Sexy names sell products.
Ipod, Spanx, and Twinkle Toes are sexy names. Their products sell.
Prescription drugs are no different.
I don't know who comes up with the brand names for new drugs, but they must have a high-stress job. The profitability of a drug seems to be directly proportional to the sexiness of its name. Imagine your job depends on picking the right name for a new drug. If you pick a good one, profit soars into the billion dollar per year range. If you choose a dud, millions of dollars in research and development are flushed straight down the toilet.
I've noticed a trend in the brand names for new drugs. Apparently the letters x,y, and z are finally getting the attention they deserve. And apparently Americans think there is something sexy about them. Take the following examples from recent years:
Ah yes, but I've intentionally left out the most popular of them all for dramatic effect. Not only does it have an incredibly sexy name, but it comes in its very own package! You guessed it - in fact you may have gotten one from your PCP recently. It's the Z-pak.
The generic name for the Z-pak is azithromycin. Zithomax is the brand name, and it's packaged in a neat little box and marketed under the name Z-pak. Azithromycin isn't too bad in and of itself, but nowhere near as sexy as Z-pak. The popularity of the Z-pak is tied to nothing other than its name. Whoever thought of that one is now probably living comfortably on a Carribean island. They scored big time - hit the ball out of the park. Would it have achieved the same level of popularity if was called a P-Pak? Or how about an A-Pak? No way! The Z was genious.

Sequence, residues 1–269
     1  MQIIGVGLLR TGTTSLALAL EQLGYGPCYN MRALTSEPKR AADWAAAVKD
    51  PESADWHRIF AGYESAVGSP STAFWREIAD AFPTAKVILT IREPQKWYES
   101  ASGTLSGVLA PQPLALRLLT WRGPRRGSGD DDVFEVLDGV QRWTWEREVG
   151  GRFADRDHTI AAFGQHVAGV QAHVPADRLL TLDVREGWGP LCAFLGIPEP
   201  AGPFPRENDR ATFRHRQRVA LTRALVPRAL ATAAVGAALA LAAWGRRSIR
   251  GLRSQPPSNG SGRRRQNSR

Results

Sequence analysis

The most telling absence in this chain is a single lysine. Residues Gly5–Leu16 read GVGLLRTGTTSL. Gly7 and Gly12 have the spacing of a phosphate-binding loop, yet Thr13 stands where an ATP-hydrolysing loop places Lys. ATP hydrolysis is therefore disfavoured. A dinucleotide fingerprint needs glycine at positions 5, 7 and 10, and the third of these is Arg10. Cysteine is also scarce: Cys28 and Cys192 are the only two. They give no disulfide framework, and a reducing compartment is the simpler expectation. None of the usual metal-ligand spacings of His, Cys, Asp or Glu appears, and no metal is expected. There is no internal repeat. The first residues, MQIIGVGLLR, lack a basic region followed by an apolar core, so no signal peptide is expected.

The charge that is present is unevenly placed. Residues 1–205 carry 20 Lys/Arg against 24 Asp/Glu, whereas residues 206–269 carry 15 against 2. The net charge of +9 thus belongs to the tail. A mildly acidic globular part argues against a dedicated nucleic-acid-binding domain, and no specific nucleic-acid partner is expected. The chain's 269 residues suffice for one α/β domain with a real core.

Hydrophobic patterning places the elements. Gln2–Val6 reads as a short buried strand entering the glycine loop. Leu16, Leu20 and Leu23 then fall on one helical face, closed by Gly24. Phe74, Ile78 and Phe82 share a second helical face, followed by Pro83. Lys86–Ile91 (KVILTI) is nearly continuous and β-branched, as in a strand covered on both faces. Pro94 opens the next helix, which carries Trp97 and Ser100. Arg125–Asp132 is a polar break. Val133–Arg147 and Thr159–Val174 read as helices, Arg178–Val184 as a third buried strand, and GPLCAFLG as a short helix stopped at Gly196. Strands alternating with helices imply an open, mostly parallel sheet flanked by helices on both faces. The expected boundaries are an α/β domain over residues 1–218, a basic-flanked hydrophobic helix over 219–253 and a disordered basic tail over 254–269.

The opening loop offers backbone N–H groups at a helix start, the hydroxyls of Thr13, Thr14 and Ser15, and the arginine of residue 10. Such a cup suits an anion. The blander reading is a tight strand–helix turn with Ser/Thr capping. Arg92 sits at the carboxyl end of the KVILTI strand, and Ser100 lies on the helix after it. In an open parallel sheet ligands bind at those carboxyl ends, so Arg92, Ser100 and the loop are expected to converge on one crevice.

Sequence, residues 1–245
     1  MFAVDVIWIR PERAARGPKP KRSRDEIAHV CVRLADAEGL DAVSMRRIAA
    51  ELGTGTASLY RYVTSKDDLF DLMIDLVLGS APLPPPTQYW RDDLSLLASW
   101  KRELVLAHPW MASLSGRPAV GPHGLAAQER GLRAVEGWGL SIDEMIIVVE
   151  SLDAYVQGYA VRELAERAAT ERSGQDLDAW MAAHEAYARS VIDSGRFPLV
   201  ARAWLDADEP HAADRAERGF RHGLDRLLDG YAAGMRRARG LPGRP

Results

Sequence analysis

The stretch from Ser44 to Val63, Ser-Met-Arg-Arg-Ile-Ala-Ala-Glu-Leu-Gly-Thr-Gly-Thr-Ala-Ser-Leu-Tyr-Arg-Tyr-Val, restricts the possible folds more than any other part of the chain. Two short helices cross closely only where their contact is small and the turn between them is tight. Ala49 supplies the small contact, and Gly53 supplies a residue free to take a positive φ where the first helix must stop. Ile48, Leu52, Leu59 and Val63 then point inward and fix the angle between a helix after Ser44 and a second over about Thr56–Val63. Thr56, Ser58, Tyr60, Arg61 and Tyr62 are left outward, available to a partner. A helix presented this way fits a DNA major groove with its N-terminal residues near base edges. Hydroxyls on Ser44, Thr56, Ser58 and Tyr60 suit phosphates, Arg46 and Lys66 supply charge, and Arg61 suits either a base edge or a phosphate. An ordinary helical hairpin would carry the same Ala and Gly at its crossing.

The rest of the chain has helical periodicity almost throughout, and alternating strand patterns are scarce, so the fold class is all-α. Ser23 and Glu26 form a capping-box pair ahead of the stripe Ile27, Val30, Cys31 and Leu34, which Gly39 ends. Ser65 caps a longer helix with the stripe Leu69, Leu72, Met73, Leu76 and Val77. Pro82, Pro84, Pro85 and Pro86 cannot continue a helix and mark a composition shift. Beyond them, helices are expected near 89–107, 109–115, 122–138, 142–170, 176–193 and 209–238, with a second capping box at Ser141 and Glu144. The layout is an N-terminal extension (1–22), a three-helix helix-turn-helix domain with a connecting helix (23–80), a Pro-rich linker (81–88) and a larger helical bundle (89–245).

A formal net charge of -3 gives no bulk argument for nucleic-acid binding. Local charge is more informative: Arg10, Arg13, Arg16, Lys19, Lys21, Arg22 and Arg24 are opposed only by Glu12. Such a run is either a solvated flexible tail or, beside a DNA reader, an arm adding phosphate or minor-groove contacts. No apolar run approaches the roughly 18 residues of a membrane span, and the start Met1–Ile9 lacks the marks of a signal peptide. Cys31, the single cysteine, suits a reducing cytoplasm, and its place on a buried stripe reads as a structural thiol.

There aren't many prescription drugs that people ask for by name. Z-pak is at the top of the list (with oxycontin following close behind). Why don't people ask for clarithromycin or erythromycin? These are both very similar drugs in the same class - for all intents they are chemically the same compound. They would likely work equally effectively as well. But Z-pak is just sooooo much cooler.
Now let me tell you a dirty little secret. Ready? This might sting a little - I hate the Z-pak.
What? You're kidding, right? How can you say such a thing? They work so well!
No, I'm not kidding. I really don't like the Z-pak at all. I love azithromycin, but I despise the Z-pak. Azithromycin - the generic name of the drug - is actually a wonderful drug. I commonly use it for pneumonia and it works wonderfully for certain bacteria. Regrettably, I also prescribe it commonly for sinus infections, which is why I hate the Z-pak.
Confused? Let me explain.
Somewhere along the line, the Z-pak became the main go-to for treating patients complaining of acute sinusitis. I'm not sure if this was excellent marketing or what, but somehow all of us just started using it years ago for upper respiratory symptoms. And why not? It is easy to take, has relatively few side effects, and is covered by insurance. There are only 6 pills - two the first day, then 1 per day for the next 4 days. Patients liked it. In fact they liked it a little too much.